Cushing’s disease


Cushing’s disease is a condition in which the pituitary gland releases too much adrenocorticotropic hormone (ACTH). The pituitary gland is an organ of the endocrine system.

Cushing's disease is a form of Cushing syndrome.

Alternative Names

Pituitary Cushing's disease


Cushing's disease is caused by a tumor or excess growth (hyperplasia) of the pituitary gland. This gland is located at the base of the brain.

People with Cushing's disease have too much ACTH. ACTH stimulates the production and release of cortisol, a stress hormone. Too much ACTH means too much cortisol.

Cortisol is normally released during stressful situations. It controls the body's use of carbohydrates, fats, and proteins and also helps reduce the immune system's response to swelling (inflammation).


Symptoms usually include:

Skin changes that are often seen:

Muscle and bone changes include:

Women often have:

Men may have:

Other symptoms that may occur include:

Exams and Tests

Tests are done to confirm there is too much cortisol in the body, then to determine the cause.

These tests confirm too much cortisol:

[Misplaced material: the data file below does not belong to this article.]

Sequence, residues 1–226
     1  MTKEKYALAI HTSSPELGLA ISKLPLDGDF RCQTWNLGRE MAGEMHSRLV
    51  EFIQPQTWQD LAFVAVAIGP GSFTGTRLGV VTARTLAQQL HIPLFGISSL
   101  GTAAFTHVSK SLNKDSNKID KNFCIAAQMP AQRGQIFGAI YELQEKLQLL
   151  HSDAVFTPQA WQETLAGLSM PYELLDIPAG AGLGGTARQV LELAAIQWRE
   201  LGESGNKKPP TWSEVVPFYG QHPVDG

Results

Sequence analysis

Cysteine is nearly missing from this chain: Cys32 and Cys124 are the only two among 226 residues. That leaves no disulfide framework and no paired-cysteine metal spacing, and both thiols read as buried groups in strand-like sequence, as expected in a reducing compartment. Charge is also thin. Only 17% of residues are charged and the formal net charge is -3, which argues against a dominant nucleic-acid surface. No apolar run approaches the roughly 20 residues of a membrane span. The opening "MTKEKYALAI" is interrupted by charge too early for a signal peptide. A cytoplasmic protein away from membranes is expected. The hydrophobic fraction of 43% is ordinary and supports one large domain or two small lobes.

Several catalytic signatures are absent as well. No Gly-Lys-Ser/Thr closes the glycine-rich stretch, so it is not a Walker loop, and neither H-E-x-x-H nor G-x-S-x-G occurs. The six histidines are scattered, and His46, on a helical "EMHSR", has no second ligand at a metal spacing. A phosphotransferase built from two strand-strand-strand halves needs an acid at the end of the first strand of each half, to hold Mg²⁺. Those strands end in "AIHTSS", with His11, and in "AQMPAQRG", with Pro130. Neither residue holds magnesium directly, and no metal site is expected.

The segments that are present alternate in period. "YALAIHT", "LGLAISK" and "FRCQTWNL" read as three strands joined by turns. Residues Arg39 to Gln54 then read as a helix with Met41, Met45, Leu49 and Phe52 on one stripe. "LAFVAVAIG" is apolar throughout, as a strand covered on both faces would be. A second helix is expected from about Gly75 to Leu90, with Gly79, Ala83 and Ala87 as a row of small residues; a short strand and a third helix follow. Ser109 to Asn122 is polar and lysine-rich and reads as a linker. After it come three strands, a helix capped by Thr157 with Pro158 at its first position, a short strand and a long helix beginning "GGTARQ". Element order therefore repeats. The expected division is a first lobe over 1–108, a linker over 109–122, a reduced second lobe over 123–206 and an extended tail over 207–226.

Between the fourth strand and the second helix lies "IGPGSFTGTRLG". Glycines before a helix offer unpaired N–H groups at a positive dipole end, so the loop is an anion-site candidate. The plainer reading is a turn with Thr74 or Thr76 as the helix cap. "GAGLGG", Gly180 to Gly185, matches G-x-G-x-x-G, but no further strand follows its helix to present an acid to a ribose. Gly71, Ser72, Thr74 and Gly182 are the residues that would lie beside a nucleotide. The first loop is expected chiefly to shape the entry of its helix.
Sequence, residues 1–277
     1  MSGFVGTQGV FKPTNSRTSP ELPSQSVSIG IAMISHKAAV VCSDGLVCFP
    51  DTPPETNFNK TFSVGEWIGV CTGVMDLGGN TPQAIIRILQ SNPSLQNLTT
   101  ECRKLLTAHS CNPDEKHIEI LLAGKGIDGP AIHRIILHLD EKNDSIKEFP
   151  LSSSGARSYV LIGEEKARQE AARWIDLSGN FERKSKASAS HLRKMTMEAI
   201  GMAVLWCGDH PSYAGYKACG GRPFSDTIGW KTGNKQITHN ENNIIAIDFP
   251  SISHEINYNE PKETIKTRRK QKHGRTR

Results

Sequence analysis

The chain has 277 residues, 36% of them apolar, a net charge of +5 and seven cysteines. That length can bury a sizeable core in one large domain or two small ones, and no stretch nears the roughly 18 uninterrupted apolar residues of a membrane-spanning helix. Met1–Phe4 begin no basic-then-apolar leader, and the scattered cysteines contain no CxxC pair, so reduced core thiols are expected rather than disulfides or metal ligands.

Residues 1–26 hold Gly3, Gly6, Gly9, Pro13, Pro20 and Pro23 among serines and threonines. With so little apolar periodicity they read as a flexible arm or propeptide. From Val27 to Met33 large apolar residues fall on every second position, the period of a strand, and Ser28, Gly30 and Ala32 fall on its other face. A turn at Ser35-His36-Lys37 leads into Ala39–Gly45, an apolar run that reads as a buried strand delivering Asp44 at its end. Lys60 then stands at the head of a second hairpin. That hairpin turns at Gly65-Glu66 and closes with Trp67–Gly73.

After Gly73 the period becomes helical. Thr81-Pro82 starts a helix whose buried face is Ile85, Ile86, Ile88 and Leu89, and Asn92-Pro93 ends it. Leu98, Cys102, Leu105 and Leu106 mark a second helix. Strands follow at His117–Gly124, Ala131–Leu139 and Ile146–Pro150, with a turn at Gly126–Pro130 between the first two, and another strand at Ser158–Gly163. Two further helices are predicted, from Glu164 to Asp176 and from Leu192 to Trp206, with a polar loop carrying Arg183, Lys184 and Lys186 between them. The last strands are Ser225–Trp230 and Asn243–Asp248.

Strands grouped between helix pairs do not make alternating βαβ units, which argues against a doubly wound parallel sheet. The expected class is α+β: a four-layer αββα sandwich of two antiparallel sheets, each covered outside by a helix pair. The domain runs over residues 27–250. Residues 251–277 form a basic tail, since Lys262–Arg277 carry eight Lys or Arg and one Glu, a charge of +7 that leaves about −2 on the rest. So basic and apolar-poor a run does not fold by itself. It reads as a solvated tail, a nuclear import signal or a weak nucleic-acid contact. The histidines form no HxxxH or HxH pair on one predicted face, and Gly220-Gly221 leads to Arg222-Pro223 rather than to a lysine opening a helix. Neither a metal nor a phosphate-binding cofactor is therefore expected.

These tests determine cause:


Treatment involves surgery to remove the pituitary tumor, if possible. After surgery, the pituitary may slowly start to work again and return to normal.

During the recovery process, you may need cortisol replacement treatments. Radiation treatment of the pituitary gland may also be used.

If the tumor does not respond to surgery or radiation, you may get medications to stop your body from making cortisol.

If these treatments are not successful, the adrenal glands may need to be removed to stop the high levels of cortisol from being produced.

Outlook (Prognosis)

Untreated, Cushing's disease can cause severe illness, even death. Removal of the tumor may lead to full recovery, but the tumor can grow back.

Possible Complications

When to Contact a Medical Professional

Call your health care provider if you develop symptoms of Cushing's disease.

If you have had a pituitary tumor removed, call if you have signs of complications, including signs that the tumor has returned.


Stewart PM, Krone NP. The adrenal cortex. In: Kronenberg H, Melmed S, Polonsky K, Larsen PR, eds. Williams Textbook of Endocrinology. 12th ed. Philadelphia, Pa: Saunders Elsevier; 2011:chap 15.

Review Date: 12/11/2011
Reviewed By: Nancy J. Rennert, MD, Chief of Endocrinology & Diabetes, Norwalk Hospital, Associate Clinical Professor of Medicine, Yale University School of Medicine, New Haven, CT. Review provided by VeriMed Healthcare Network. Also reviewed by David Zieve, MD, MHA, Medical Director, A.D.A.M., Inc.
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